Unboxing Invaders from Afar (Scythe Expansion)
Scythe, by Jamey Stegmaier, is an amazing game. Currently ranked at number 8 in the BGG top 100, Scythe has cleaned up award after award over the past couple of years. When you play the game it is no wonder, as you take control of a nation in an alternative 1920s Europe in which mechs are commonplace and leaders are often spotted with really impressive animals.
Over the Christmas period I managed to get my hands on both Scythe expansions and so, in the same way as what I did unboxing the full game, I thought it might be interesting to do an unboxing article for both. Today, we will be looking at the first expansion that came out for Scythe (not including the basic board expansion, which is just a segment of the board…that makes the main board bigger), which is Invaders from Afar.
What is the Premise of Invaders from Afar?
Invaders from Afar was always designed for Scythe as there have always been two more factions on the board than there were in the box. These are Albion and Togawa, one green and one purple, joining the fight to try and get to the Factory.
As such the Invaders from Afar expansion contains everything that is needed to play Scythe with two extra players and, as such, it is a pretty busy expansion. Where the expansion was originally designed to keep Scythe a five player game, Jamey Stegmaier states on the Stonemaier Games Invaders from Afar official page that:
I wanted to include 2 new player mats in the expansion. I realized that some people were going to use the mats to play 6-7 player games no matter the what the box says, so I needed to make sure the game worked for them!
And thus, Scythe is now a seven player game with some really cool additional factions. Clan Albion are fearless warriors, lead by Connor and his boar called Max, looking to stop the Factory from falling into the hands of a more powerful faction. The Togawa Shogunate, on the other hand, are lead by Akiko and her monkey named Jiro. They have a personal vendetta against the Rusviets, and suspect they are up to no good. Both are interesting factions and both bring new dynamics to the game.
Let’s Unbox Scythe: Invaders from Afar
First things first, let’s look at the box. This is a half sized box, and has beautiful artwork by Jakub Rozalski that has both an Asian and European feel to it. This is in keeping with the general feel of Scythe, and it looks simply stunning upon a shelf. That being said, we’re not here to look at it on a shelf. Let’s open the box up.
And…there we go. There you have it folks, one box unboxed. Isn’t that incredible? No? Okay, well, let’s have a look in a bit more detail then, starting with the documentation.
Okay, so like with the main game there are two separate pieces of documentation that come with Invaders from Afar – the solo player rules and the full rules for multiplayer games. These detail both factions, what comes in the box, and even new rules for flags and bombs. I won’t get into those here, but needless to say, they’re pretty cool.
Secondly, the big bag in the picture contains all the wooden components for the game. These range from monuments to workers to pawns. I didn’t bother unbagging these as they are covered in more detail in my full unboxing. There is nothing hugely different with Invaders from Afar bar the exact design of the worker meeples. They vary per faction and usually try to incorporate some kind of folk dress (usually a different hat) which makes them more unique. Otherwise the wooden pieces are practically the same.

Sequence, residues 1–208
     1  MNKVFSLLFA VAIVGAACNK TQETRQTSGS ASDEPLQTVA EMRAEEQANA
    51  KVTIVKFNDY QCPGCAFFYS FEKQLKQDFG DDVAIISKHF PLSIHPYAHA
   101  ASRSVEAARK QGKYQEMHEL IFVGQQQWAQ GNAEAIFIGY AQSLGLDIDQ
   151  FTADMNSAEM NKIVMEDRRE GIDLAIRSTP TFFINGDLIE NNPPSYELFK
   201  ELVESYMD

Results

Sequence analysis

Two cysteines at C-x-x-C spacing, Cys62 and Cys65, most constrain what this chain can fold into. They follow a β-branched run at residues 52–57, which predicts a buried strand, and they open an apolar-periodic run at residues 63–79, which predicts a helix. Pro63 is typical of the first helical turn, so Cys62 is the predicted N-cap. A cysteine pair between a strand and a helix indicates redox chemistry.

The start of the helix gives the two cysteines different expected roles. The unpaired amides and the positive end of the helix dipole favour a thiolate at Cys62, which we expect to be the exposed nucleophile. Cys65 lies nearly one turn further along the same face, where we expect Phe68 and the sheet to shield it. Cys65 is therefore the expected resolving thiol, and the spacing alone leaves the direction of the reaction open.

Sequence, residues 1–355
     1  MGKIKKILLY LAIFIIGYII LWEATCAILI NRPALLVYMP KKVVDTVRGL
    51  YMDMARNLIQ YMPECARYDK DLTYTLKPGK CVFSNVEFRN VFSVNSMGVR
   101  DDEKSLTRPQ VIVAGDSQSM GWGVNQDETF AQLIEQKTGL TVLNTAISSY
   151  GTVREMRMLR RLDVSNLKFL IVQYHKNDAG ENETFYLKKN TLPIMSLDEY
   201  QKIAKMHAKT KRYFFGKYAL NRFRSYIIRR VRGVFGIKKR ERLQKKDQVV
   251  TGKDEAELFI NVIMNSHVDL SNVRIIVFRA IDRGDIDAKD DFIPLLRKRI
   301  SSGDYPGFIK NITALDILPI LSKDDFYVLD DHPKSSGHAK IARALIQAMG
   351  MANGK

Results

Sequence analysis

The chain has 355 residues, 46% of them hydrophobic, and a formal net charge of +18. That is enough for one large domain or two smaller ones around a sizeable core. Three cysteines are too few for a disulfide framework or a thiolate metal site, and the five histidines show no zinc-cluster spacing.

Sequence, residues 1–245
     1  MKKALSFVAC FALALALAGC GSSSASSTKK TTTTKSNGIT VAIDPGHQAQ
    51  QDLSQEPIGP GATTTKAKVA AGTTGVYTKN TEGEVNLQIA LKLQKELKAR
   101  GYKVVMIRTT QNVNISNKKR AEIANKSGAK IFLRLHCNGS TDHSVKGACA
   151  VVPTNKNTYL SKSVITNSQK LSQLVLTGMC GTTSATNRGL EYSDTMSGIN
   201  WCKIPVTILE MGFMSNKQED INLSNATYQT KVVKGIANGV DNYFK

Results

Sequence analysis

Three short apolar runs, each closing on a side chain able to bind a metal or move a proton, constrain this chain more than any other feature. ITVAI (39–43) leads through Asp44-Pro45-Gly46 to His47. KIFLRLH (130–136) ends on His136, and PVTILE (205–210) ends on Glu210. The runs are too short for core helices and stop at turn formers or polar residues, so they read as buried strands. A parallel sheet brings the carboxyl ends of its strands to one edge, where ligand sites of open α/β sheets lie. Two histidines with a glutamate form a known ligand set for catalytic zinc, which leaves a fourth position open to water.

Next, and this is kind of interesting – there are now coins going as high as fifty sheckles a piece. You’ll also notice a few other interesting additional pieces, such as in-game alternatives and flag icons. These act as additional variations to gameplay and, along with the cards, help add more components to the game to both help adapt the game to seven players and to keep the game fresh.
Next up we have the player mats of which we have the faction specific mats (underneath) and the standard action mats. I know those aren’t the specific terms, but generalising does seem to help with the comprehension.
The action mats, as pictured above, detail the different actions a player can do each turn, with both top and bottom actions being available. The exact combinations of these vary per board, adding a really nice asymmetrical element that keeps the game fresh each and every time you play.
The player mats are more unique and have the specific faction abilities and mechs on them.
Please be aware the following image does contain spoilers.
These detail each hero (and pet), as well as the faction starting power, cards, and abilities.
And…that’s all folks. Wait? What? You want to see the minis? Well, if you insist!
The Miniatures of Invaders from Afar
The miniatures for Invaders from Afar are, it has to be said, just as beautiful as those in the main game. If anything they are even more amazing, even more dynamic, as their main game counterparts.
I have to admit that Akiko may be my all time favourite miniature from any board game, ever, and there are some amazing miniatures out there. The way she is posed, with Jiro posed on her staff. It feels fun, fresh, and is a bit of a modelling marvel. She is an absolute stand out piece in the Scythe board game.
Clan Albion, on the other hand, have the nicer mechs. They feel more 1920s rustic, and more, as much as I hate to use it as an adjective, Scythe-y. Connor and Max are also fun figures, with Max in particular winning a warm place in our hearts. He’s kind of cute in his own way.
As per usual, Stonemaier Games have pulled another set of awesome miniatures out of the bag and I have to take my hat off to them there. They are standout in the world of games.
So there we go, a relatively quick and light unboxing to help kick the New Year off.